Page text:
You have to learn to say no
In some cases, a clear “no” to colleagues, customers, or bosses is appropriate. But how do you say it without annoying the other person?
You are behind in your own projects. You are not spending enough time with your family and friends. And then along comes your boss with more, urgent tasks. You just have to say “no.”
But saying no to your boss can be difficult. It can be easy to give the impression that you are uncooperative or even lazy. But in many cases, saying no is actually the opposite of that: saying “no” at the right moment means that you are taking responsibility for your own projects and your own health. Because, if you saddle yourself with too much work, it can soon affect the results. Those affected end up in a vicious circle of stress, reduced efficiency, and unsatisfactory quality which quite often ends up in burnout.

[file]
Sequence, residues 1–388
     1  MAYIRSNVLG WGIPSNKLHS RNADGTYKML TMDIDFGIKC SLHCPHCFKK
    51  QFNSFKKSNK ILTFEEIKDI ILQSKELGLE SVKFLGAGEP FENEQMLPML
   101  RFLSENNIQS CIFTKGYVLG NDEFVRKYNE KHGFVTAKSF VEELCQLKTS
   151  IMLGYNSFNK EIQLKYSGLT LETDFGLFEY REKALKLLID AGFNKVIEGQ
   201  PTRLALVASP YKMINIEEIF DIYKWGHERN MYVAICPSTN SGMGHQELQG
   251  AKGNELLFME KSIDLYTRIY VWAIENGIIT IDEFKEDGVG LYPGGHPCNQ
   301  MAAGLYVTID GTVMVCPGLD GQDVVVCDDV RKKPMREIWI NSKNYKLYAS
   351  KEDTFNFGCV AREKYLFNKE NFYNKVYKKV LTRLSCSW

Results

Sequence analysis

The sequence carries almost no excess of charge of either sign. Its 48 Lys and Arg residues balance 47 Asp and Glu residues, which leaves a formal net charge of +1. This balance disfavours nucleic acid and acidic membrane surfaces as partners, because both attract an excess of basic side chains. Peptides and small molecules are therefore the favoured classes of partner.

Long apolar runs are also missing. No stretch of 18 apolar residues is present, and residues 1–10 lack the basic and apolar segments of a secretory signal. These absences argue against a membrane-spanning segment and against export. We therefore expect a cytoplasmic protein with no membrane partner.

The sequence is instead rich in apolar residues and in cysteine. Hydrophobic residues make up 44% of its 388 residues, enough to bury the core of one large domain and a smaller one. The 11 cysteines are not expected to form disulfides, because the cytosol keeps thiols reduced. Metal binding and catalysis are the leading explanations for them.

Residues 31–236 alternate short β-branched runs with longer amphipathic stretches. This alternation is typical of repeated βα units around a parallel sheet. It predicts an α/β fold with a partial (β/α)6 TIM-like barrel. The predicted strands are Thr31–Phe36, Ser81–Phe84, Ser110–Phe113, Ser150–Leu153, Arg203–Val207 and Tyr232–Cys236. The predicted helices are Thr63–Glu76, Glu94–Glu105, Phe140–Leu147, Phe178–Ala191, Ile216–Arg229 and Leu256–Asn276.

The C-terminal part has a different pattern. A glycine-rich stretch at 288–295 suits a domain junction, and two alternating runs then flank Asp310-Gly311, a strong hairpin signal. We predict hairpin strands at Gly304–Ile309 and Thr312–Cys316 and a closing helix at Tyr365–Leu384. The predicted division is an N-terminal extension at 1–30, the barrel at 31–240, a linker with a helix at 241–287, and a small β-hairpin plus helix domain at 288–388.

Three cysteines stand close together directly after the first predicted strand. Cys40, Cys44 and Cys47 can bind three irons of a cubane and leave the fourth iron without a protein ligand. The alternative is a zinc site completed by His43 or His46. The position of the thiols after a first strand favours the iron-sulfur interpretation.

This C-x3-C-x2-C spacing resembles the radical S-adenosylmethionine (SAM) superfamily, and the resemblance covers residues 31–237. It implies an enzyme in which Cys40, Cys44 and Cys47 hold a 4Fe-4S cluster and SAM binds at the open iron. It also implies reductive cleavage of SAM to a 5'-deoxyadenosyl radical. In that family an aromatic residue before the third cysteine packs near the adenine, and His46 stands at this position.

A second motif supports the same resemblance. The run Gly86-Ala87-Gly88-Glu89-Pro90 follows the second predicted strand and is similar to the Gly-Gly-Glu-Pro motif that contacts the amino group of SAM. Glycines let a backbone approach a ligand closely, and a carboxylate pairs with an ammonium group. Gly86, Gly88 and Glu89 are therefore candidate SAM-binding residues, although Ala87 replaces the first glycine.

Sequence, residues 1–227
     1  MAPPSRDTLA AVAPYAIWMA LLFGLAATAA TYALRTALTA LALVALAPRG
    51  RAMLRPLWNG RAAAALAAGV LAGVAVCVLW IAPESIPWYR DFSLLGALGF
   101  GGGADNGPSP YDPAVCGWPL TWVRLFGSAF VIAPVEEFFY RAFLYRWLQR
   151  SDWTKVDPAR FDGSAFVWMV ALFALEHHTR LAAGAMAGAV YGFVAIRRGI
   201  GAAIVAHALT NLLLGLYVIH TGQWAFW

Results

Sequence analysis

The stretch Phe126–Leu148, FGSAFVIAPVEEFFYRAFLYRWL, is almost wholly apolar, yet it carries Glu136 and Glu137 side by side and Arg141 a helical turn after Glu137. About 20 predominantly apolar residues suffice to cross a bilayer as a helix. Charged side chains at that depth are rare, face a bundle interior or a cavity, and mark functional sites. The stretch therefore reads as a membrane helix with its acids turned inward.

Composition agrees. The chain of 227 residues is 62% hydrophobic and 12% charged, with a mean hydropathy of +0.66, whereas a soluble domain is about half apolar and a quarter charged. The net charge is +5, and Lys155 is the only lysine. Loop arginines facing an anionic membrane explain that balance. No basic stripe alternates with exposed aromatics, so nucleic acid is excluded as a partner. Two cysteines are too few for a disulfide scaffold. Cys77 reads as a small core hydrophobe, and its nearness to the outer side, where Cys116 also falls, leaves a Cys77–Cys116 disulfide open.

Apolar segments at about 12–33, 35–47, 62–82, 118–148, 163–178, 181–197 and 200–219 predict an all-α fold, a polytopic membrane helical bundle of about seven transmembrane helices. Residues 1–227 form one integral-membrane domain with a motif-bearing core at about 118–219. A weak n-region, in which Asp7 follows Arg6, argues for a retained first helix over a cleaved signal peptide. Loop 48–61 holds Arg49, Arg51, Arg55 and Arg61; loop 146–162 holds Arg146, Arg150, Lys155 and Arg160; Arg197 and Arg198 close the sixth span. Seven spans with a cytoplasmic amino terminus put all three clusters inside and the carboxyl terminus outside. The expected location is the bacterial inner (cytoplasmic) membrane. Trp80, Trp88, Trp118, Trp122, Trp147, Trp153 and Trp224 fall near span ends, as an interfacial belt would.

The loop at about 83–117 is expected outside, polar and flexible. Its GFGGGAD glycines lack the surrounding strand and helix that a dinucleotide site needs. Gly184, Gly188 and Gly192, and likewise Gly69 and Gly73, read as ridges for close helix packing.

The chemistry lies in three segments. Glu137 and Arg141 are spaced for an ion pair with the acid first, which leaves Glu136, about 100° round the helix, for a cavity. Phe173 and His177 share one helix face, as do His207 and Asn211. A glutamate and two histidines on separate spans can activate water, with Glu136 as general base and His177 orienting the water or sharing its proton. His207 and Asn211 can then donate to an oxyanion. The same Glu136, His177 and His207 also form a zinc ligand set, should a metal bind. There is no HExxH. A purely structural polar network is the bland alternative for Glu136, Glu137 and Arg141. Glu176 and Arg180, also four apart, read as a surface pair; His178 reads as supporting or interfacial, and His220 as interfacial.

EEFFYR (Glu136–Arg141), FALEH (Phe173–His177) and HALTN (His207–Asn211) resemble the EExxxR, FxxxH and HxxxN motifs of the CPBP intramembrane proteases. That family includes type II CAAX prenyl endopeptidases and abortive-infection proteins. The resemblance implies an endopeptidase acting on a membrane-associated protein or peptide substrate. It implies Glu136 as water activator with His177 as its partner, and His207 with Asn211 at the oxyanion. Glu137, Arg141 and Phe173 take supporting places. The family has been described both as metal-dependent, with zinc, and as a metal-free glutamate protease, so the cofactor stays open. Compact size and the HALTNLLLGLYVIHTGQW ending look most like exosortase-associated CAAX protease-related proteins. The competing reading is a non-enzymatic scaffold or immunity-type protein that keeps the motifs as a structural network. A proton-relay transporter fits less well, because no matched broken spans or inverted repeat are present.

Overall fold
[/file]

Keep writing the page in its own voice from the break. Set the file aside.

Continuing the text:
“No” in the interest of your employer
In other words, if you distance yourself, you are preventing the company from suffering damage. You should definitely not have a guilty conscience. This thought helps you make your argument. “I’m fully stretched. If I take on more work, I need relief somewhere else. Otherwise, I would definitely not be able to meet the deadline in the X project for our important customer.”
If you combine saying “no” with alternative solution approaches and suggest that you will be able to help out at a later date, you may even be able to earn some Brownie points at that time. This applies when dealing with superiors and customers. It is possible that when the situation has been clarified the latter understand that they have to pay for the extra work or compensate it in some other form.
It’s easier to say “no” to colleagues. A short time for consideration helps clarify the motives of the person who is asking for the favor. If the issue is driven by selfinterest, a short, clear no is sufficient. However, if coworkers really need help, but you just don’t have the time, constructive measures are needed. Who else can help? Is the issue very urgent or can it wait? Or can your colleague already start and come back when he has specific questions? This reduces the time needed to provide assistance, increases the learning effect, and everyone gets ahead with their work.